Tuesday, October 13, 2015

The “Holding Accountability” in Agile Philosophy

Accountability means to say what you DO, do what you SAY, no rumor-mongering, no backbiting.


Accountability is “the obligation of an individual or organization to account for its activities, accept responsibility for them, and to disclose the results in a transparent manner.” (businessdictionary.com). To extend the definition, accountability not only means to accept the responsibility for what you DO but also what you SAY, say what you do, do what you say, no rumor-mongering, not backbiting. More specifically, how to practice the "holding accountability" in Agile philosophy?

"Holding accountable" means to overcome negative emotions and take step-wise actions. Have you seen effective agile teams hindered or rendered ineffective when leadership blames instead of practicing root cause analysis to drive continuous improvement across the organization? So "You will be held accountable" is on the face of it, not a bad thing, you have the freedom to do whatever needs to be done, and the responsibility to ensure you do your best to bring about a good outcome. Speaking philosophically about responsibility and accountability usually leads us to the conclusion that all humans should be responsible for their own communications and actions and as such, accountability is not necessary. However, in real life responsible people make mistakes or have invalid notions, many times driven by emotions rather than philosophical logic. So “holding accountable” means to overcome the negative emotions and take a step-wise approach for problem-solving in applying agile philosophy.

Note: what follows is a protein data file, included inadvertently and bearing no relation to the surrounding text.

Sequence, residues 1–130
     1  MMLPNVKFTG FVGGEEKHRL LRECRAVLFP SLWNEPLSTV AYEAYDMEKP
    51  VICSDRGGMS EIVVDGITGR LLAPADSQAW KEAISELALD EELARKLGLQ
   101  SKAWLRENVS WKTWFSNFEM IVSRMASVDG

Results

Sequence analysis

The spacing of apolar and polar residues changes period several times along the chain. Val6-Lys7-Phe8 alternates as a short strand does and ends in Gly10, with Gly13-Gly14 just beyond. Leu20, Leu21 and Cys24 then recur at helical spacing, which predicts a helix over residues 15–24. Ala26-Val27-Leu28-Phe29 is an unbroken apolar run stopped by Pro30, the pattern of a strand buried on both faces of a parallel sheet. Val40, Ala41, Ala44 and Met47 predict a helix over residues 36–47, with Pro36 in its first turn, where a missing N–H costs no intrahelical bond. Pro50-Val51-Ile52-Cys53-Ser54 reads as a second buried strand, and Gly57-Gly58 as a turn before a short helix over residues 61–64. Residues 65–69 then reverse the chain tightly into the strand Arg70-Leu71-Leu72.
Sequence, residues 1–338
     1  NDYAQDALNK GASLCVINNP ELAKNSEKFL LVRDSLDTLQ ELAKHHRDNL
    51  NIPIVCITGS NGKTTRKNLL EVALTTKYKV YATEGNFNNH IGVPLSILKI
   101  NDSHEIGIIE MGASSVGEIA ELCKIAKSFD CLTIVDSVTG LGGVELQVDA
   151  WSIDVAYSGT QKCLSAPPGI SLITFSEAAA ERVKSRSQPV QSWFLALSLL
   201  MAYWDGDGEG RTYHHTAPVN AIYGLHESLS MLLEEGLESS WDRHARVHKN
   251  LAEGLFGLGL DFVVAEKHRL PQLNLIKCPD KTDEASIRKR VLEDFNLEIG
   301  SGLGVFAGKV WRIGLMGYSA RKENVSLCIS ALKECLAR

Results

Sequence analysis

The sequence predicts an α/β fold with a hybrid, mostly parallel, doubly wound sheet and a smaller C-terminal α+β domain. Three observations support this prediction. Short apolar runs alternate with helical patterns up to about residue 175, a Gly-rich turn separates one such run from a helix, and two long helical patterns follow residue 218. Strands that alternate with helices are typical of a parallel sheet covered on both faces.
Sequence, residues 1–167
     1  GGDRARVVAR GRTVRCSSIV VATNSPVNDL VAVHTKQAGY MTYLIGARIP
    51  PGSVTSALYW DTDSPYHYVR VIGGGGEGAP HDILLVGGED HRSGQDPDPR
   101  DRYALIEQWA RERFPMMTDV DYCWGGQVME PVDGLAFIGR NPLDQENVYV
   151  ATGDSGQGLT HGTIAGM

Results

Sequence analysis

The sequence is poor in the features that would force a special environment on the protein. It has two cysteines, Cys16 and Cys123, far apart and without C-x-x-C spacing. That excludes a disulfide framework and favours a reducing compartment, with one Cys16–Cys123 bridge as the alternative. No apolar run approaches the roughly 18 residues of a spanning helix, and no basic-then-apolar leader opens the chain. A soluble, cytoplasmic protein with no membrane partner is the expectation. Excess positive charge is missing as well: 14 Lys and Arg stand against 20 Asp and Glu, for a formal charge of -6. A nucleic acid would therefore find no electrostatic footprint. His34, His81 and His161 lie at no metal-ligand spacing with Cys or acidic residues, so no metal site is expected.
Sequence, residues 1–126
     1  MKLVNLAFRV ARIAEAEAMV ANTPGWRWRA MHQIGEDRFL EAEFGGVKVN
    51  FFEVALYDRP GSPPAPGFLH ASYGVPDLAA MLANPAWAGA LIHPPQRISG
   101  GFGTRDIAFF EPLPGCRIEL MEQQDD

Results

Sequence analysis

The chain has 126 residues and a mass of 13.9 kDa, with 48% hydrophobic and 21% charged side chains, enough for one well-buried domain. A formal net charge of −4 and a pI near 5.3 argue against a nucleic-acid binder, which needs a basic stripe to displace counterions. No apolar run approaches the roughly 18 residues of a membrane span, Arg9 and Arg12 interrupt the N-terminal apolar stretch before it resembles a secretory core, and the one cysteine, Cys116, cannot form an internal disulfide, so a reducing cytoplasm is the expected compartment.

Management needs to be fully engaged in agile philosophy: In Agile, management now needs to be comfortable with empowering teams to own the delivery of the work after years of potentially poor delivery in the waterfall, trust is something that is missing in this scenario. Making teams 'accountable' is one way to convey that the team owns the delivery, but in reality, they always did. What's fundamentally changed is that management no longer gets to sit on the sidelines and wait for 'project updates,' rather, they need to be fully engaged in helping the team deliver the most valuable things for the organization. One can make an assessment of the work and resources needed and determine if one can commit (set up for success) and then commit to completing the work. On the other hand, if one is told they must do something and he or she knows the resources and tools are insufficient for the job (set up for failure) yet they are told they will be held accountable if the job does not complete successfully in spite of outlining the chances of success are small. Which one is accountable? Which one is blamed? No organization is 100% agile. The larger the organization, the greater the distance between the owners and the workers, and the more opportunity for the owners to feel the loss of control. Owners like to feel they are in control.